What's a Wii worth? Whatever you're willing to pay for it. That's the gist of Nintendo President Satoru Iwata's message to consumers, on the heels of an article in Financial Times citing a Credit Suisse analyst who notes that Nintendo's cost to produce a Wii has fallen 45 points since launch.
Says FT: "That would give Nintendo the scope to cut the price of the console if needed to stimulate sales."
Except, of course, for the part where Nintendo's selling lightning in a bottle...or that's what folks buying the systems think, anyway.
Ergo the part where Iwata dashes hopes at the news conference in Tokyo about any recession-related price relief, telling listeners he'd rather commit time and energy to making "better entertainment so that our products are going to remain in the top position in our customer's wish lists."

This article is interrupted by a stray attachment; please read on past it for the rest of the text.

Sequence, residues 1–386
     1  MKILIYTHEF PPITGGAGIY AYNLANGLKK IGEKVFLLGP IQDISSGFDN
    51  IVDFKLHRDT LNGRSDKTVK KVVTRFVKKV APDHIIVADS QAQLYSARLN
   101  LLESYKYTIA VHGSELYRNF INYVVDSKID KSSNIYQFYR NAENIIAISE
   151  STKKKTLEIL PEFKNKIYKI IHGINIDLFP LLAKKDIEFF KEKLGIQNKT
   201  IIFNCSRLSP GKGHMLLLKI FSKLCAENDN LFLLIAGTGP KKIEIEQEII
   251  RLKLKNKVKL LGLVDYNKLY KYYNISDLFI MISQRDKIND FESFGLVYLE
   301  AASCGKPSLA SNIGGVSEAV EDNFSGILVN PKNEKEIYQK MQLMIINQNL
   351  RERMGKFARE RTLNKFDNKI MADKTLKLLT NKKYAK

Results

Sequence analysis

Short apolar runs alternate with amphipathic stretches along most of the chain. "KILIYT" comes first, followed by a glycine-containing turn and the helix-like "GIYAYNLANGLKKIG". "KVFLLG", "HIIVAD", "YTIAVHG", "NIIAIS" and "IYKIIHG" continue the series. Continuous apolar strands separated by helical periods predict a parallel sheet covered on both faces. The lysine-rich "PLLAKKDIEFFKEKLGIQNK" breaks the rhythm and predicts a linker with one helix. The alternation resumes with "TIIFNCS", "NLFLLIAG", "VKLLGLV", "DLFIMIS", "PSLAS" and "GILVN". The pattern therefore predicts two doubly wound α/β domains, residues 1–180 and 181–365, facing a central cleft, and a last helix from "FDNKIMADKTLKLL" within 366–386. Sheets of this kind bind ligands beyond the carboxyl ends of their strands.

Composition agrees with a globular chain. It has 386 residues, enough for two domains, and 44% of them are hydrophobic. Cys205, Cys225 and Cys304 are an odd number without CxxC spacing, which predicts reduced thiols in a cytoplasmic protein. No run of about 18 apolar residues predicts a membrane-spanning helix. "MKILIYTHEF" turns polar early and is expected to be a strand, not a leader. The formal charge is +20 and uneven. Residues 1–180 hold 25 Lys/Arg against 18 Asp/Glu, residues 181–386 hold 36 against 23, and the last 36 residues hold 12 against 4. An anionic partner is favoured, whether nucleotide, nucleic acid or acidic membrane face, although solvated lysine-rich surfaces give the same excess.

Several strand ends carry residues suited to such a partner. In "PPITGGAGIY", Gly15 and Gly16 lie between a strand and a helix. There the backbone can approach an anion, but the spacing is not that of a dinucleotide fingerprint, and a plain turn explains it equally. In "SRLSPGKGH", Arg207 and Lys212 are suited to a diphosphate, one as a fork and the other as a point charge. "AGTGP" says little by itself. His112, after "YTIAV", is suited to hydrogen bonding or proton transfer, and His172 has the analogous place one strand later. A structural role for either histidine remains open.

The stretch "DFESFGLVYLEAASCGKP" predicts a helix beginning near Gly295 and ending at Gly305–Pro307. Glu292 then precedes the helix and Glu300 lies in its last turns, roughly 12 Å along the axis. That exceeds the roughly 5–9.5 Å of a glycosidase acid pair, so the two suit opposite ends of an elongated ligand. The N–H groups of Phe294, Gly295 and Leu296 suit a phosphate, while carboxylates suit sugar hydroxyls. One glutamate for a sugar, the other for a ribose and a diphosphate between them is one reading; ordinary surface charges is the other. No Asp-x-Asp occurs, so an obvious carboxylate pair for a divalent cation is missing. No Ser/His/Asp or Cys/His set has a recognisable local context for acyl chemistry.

Well hear hear, Mr. Iwata, because that's the Wii's singular glaring flaw, as I see it. (Also speaking as a guy who's not really into stuff like Pinball Hall of Fame and Wii Fit and Trauma Center.)
I don't know about you, but Wii Sports Resort â€” just pegged for a June/July release and pictured here â€” isn't what comes to mind when I hear those two most auspicious words, "better entertainment." Sales smash? Probably. But jet ski racing? Frisbee tossing? Fencing? Come on. The Wii Motion Plus, Nintendo's enhancement to make the waggly Wii Remote a bit less sloppy, makes it all sound a dash more interesting, but only a dash. (For more on the game, see Danny Allen's "In-Depth and Hands-On: Nintendo Wii Sports Resort and Wii Music.")
There's also that bit of sobering news about the PS3 outselling the Wii in Japan 146,948 units to 99,335 in March. Blame games like Resident Evil 5 and Yakuza 3, say analysts. "Better entertainment"? You be the judge.
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